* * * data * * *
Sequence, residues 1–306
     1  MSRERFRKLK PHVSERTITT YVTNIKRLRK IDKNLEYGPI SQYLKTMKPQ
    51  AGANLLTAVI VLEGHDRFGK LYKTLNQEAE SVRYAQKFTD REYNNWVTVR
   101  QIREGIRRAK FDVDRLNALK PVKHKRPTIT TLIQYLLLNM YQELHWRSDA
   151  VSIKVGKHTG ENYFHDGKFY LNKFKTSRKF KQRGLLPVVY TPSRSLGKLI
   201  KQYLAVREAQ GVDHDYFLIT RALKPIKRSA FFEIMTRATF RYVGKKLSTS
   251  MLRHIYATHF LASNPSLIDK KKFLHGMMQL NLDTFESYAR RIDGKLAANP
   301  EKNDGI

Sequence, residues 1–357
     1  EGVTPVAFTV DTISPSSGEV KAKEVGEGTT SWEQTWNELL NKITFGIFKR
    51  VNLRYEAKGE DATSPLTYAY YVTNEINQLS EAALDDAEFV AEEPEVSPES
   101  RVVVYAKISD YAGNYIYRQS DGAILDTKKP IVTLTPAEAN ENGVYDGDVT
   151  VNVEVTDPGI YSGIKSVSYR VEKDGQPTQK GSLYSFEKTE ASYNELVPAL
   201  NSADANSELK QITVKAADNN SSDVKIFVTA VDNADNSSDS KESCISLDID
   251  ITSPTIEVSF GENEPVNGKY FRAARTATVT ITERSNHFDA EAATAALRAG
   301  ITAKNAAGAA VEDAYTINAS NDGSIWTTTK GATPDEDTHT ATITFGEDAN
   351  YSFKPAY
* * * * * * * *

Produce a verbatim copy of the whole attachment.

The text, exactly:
Sequence, residues 1–306
     1  MSRERFRKLK PHVSERTITT YVTNIKRLRK IDKNLEYGPI SQYLKTMKPQ
    51  AGANLLTAVI VLEGHDRFGK LYKTLNQEAE SVRYAQKFTD REYNNWVTVR
   101  QIREGIRRAK FDVDRLNALK PVKHKRPTIT TLIQYLLLNM YQELHWRSDA
   151  VSIKVGKHTG ENYFHDGKFY LNKFKTSRKF KQRGLLPVVY TPSRSLGKLI
   201  KQYLAVREAQ GVDHDYFLIT RALKPIKRSA FFEIMTRATF RYVGKKLSTS
   251  MLRHIYATHF LASNPSLIDK KKFLHGMMQL NLDTFESYAR RIDGKLAANP
   301  EKNDGI

Sequence, residues 1–357
     1  EGVTPVAFTV DTISPSSGEV KAKEVGEGTT SWEQTWNELL NKITFGIFKR
    51  VNLRYEAKGE DATSPLTYAY YVTNEINQLS EAALDDAEFV AEEPEVSPES
   101  RVVVYAKISD YAGNYIYRQS DGAILDTKKP IVTLTPAEAN ENGVYDGDVT
   151  VNVEVTDPGI YSGIKSVSYR VEKDGQPTQK GSLYSFEKTE ASYNELVPAL
   201  NSADANSELK QITVKAADNN SSDVKIFVTA VDNADNSSDS KESCISLDID
   251  ITSPTIEVSF GENEPVNGKY FRAARTATVT ITERSNHFDA EAATAALRAG
   301  ITAKNAAGAA VEDAYTINAS NDGSIWTTTK GATPDEDTHT ATITFGEDAN
   351  YSFKPAY